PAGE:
Compensation for Dog Bites in Phoenix, AZ

How Much Is A Dog Bite Case Worth?

Many dogs pose no threat to humans. Yet, untrained and vicious animals can cause serious injuries that take a long time to heal. Victims might also suffer psychologically, perhaps fearing dogs for the rest of their lives.

After a dog bite, your future can seem uncertain. You might wonder how much your case is worth or what you can do to ensure that you are fairly compensated for your losses.

The compassionate lawyers at Phillips & Associates can give you personalized attention in addition to the information provided below. Schedule your free consultation to determine your legal options and learn how to pursue justice for your dog bite injuries. Send us a message or call (602) 222-2222 at any time to speak with one of our representatives. 

Understanding the Responsibilities of Dog Owners 

Dog owners must control their animals. According to the CDC, responsible dog owners take preventative action to socialize their pets and use leashes in public. 

For instance, pet owners should be on guard when their dogs are:

  • Eating
  • Protecting puppies
  • Protecting toys or territory
  • Playing rough
  • Feeling sick, angry, or afraid
  • Meeting new people, especially children
  • Running off-leash

In many parts of the United States, there are laws governing the use of leashes. These include:

  • California: Owners must keep potentially dangerous dogs in a securely fenced yard, if not indoors, on their properties. Anytime the animals leave the premises, they must be on a sturdy leash of “appropriate length” under the control of a responsible adult. 
  • Utah: The owner or current guardian is strictly liable for any violation committed by a dog running at large, regardless of whether they were aware that the dog was running loose. Unlike many states, the victim does not need to prove the owner was aware of the danger. However, dogs are allowed off-leash in specially designated dog parks around Utah.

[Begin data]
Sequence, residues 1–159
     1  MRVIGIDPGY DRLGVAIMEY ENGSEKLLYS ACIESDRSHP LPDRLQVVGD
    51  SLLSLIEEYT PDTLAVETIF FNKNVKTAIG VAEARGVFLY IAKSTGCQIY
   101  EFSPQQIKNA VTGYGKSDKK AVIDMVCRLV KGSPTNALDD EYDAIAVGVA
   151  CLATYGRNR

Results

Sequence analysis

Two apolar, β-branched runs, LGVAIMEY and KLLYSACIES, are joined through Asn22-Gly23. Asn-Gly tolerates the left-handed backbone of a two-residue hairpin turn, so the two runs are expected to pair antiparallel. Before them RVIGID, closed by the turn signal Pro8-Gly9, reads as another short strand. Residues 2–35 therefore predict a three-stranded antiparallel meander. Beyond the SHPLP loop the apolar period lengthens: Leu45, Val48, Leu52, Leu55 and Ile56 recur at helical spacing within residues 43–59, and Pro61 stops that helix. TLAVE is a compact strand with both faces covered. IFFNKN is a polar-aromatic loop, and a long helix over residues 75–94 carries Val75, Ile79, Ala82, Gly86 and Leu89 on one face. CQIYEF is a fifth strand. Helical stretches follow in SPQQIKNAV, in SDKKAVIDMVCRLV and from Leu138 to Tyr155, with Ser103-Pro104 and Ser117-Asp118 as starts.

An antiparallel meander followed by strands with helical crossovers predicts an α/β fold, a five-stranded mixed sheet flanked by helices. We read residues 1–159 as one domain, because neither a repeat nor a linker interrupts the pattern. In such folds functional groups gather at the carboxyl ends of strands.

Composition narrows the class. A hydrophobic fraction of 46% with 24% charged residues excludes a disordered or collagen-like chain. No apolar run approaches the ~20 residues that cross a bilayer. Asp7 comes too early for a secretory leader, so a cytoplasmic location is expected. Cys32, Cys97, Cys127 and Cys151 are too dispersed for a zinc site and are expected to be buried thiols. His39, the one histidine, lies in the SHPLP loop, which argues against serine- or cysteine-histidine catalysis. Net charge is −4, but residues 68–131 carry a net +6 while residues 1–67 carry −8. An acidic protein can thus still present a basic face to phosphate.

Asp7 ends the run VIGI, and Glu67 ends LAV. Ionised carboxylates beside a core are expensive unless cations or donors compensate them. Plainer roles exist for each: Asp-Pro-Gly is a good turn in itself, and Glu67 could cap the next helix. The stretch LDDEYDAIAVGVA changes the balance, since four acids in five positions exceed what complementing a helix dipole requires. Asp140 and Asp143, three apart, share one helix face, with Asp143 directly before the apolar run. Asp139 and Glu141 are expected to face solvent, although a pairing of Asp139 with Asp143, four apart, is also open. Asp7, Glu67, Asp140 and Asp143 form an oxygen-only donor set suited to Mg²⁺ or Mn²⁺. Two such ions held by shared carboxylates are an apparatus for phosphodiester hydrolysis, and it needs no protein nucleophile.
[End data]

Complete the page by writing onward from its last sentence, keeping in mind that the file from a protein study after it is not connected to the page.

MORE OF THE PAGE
• Arizona: Dogs must be leashed in public spaces like parks and school properties. Canines known to be aggressive or female dogs in heat should be kept in a secured area or on a leash. 

Any dog has the potential of biting someone, even if it is a cherished family pet. Researchers found that 3 of every 5 bite victims were bitten by a pet of their own or living in their neighborhood. Anyone owning a dog should think about the safety of others who will interact with the animal. 

Recognizing the Costly Aftermath of Dog Bites

Dog bites hurt, but victims are not out of danger when the attack is over. Almost 20 percent of dog bite victims require medical attention. 

After a dog attack, a victim might experience:

  • Arm, hand, leg, and foot injuries: These areas of the body, the most susceptible to bites, comprise over 70 percent of injuries.
  • Head and neck trauma: Children aged 4 or below are the most likely to experience injury to this region of the body. 
  • Punctures and lacerations: Dog teeth are sharp, so puncture wounds and cuts are common symptoms of bites. 
  • Dislocations, fractures, and amputations: In one case study, a child sustained fractures to her skull and mandible, and a torn ear and cheek. 
  • Contusions, abrasions, and hematomas: Bruises and scrapes can come from the actual attack or from the victim being dragged or escaping via a rough surface, such as on rocks or through thorn bushes. 
  • Infections: Cellulitisis only one of many infections that might result from a dog bite. This bacterial infection can cause swollen, painful skin, fever, and chills. 
  • Communicable diseases: Dog bites can spread diseases like rabies. This virus targets the central nervous system, eventually causing death if an unvaccinated person does not seek medical attention in time. 
  • Blood loss: Uncontrolled bleeding can be fatal. 
  • Death: The chances of dying from a dog attack in the United States is 1 in 69,016. 

Many people experience psychological distress after being bitten by a dog. For instance, one study revealed that 12 out of 22 children showed symptoms of post-traumatic stress disorder (PTSD) within 2 to 9 months. In particular, severe attacks with multiple or deep wounds are associated with PTSD.